INCREASING the population of Chinese Malaysians will not improve the community’s political survival, said analysts.
They felt that a recent suggestion for Chinese Malaysians to adopt polygamy to stop the decline of the community’s population only showed the prevalence of communal politics.
Analysts said as long as policies are ethnic-based rather than needs- or merit-based, Chinese Malaysians will not get more say in politics even if the community’s population increased.
Chinese Malaysians make up about 23% of the country’s population, at 6.66 million people. Experts have predicted that current low birth rate may cause their population in the country to plunge below 20%.
Political analyst Tang Ah Chai said the decrease in the Chinese Malaysian population will affect the community’s political status and Chinese-based political parties.
“If policies are made based on population numbers or skin colour, minority groups are likely to lose out.
“Our country’s policies, resources are distributed based on population. If a policy is unfair, minority groups will lose out, such as in the civil service or top positions. This is the consequence of communal politics,” he told The Malaysian Insight.
For instance, he said there is almost no Chinese Malaysian vice-chancellor in public universities, but most vice-chancellors in private universities are Chinese Malaysians.
“This shows that it is not that Chinese Malaysians do not have the academic and teaching qualifications to be vice-chancellors, but unfair policies have sidelined them in public universities,” he said.
In Malaysia, he said, it is almost impossible for Chinese Malaysians to hold top positions in the public service.
Another political analyst, Cheah See Kian, said most political parties operate along racial lines.
“(In today’s Malaysian society) once you stray from the topic of race, people will stop listening. If you want everyone to unite in spite of their ethnic differences, Chinese and Indian Malaysians must ask why they don’t have the privileges that (Bumiputeras) have.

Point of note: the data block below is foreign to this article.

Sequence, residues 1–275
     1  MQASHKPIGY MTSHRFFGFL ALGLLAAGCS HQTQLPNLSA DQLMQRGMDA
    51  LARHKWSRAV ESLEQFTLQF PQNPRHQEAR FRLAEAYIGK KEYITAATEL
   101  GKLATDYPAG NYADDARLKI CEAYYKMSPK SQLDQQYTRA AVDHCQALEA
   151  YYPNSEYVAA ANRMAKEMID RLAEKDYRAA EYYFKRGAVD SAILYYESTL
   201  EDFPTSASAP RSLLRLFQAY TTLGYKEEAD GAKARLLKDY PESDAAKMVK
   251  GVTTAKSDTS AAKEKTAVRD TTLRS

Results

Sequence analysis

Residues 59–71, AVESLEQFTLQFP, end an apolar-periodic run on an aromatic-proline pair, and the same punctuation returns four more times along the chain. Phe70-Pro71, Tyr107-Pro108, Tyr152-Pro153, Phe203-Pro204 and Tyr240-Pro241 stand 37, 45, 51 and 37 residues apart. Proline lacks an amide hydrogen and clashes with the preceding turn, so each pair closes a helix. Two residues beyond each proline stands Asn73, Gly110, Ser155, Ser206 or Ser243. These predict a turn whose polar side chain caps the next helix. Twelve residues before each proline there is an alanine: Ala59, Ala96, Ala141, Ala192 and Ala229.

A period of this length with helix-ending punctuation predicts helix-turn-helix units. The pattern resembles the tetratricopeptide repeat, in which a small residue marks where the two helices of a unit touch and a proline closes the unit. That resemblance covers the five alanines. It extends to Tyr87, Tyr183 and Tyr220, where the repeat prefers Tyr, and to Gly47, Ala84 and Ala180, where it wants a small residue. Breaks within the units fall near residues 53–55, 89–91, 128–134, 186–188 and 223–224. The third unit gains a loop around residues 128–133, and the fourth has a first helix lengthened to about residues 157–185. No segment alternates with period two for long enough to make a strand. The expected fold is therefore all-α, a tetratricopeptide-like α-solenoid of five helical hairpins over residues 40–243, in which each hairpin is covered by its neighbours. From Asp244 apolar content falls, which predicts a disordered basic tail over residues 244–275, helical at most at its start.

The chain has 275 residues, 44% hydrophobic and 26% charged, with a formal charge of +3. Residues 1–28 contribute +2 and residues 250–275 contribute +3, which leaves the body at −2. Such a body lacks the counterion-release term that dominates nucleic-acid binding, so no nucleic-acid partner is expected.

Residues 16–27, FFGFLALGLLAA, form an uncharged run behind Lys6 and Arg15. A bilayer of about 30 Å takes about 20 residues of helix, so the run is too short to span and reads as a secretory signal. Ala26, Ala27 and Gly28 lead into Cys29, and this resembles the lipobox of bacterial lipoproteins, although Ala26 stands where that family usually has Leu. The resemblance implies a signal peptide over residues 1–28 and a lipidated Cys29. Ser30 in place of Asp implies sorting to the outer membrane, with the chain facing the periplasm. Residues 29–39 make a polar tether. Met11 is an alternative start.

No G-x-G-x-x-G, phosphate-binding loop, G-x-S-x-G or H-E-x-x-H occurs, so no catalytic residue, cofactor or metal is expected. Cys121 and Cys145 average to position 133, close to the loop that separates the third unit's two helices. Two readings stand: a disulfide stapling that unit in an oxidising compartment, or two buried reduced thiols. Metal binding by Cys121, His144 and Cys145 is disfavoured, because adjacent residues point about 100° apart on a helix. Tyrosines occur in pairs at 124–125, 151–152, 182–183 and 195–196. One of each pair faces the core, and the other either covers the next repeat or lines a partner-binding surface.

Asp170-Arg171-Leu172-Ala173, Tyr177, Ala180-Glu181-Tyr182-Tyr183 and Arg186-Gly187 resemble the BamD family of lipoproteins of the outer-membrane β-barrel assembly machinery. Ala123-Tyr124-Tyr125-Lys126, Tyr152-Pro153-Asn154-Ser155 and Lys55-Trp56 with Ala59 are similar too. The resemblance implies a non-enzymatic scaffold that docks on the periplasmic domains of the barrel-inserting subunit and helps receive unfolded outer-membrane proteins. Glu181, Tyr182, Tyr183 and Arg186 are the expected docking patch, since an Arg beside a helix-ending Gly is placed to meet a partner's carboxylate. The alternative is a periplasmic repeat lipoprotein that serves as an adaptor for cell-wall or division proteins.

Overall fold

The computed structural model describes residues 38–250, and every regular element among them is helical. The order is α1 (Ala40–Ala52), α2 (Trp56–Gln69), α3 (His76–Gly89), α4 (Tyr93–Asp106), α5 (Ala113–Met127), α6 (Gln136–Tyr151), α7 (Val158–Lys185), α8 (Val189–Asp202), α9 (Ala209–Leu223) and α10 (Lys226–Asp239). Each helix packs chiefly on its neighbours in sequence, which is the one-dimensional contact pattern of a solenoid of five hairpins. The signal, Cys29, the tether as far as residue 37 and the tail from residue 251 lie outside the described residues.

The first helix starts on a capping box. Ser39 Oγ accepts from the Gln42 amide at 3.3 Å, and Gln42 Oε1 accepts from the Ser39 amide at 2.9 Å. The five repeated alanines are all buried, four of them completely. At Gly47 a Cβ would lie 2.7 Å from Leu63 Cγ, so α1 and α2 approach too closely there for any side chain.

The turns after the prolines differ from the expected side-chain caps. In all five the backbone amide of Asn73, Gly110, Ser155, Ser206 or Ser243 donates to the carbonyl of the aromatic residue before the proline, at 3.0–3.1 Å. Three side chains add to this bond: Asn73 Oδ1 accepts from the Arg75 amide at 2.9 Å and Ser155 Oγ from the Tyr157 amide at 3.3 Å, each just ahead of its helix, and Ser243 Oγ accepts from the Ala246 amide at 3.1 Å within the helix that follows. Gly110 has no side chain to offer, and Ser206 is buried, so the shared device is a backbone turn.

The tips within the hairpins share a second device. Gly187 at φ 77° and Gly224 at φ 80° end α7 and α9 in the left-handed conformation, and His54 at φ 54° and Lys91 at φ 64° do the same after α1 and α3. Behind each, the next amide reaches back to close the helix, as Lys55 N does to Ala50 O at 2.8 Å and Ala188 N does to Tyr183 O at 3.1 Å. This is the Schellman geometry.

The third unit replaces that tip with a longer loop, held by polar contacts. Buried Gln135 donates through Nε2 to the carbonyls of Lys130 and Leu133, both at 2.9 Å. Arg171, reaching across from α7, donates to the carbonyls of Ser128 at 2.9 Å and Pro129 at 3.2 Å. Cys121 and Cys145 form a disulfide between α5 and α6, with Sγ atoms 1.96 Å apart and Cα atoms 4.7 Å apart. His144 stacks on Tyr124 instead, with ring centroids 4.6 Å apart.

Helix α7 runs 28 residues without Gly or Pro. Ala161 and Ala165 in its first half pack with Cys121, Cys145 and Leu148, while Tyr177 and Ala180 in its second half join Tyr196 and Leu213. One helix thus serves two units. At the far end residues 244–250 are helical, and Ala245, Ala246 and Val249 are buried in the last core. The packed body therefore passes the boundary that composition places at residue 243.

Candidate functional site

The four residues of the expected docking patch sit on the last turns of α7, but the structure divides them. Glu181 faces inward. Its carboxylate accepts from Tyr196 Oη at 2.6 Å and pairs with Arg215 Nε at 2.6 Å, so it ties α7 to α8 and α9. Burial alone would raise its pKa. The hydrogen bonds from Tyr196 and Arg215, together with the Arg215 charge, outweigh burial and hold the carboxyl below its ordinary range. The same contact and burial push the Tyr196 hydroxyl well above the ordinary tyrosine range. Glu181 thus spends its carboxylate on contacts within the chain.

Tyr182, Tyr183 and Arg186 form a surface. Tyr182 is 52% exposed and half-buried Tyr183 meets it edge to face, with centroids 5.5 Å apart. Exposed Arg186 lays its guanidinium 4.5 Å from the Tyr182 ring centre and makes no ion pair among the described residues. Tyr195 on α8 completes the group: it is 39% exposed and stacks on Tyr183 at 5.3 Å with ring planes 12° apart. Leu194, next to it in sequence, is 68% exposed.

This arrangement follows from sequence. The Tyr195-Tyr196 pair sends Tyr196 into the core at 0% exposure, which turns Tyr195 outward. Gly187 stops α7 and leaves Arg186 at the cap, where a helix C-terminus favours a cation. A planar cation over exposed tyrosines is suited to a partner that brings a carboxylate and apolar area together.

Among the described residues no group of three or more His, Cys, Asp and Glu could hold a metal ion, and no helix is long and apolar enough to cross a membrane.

“The Malays will say, we are still poor, we need government aid,” he said.
He said a lot of people are not interested in political dialogue unless it concerns them, and that was the problem in Malaysia.
Democracy will guarantee minorities’ interests
Political scientist Wong Chin Huat said the rights of minority groups, including Indian Malaysians and the Orang Asli, have improved over the past 10 years.
“This was not because their populations had increased, but because since 2007, people of different ethnicities have come together to push for democracy (and equality),” he said.
He said it is illogical to think that a higher birth rate will contribute to an ethnic community’s political capital and welfare.
“However much Chinese Malaysians try to increase their population, can they outnumber the foreign Muslims that can easily get citizenships here?”
To protect minority groups’ interests, Wong said the most effective way was for people to participate in politics, vote and protest when necessary, regardless of their skin colour.
Rather than worrying about population ratio among ethnic groups, Wong said it is more practical to use democratic action and civic movements to counter communal politics.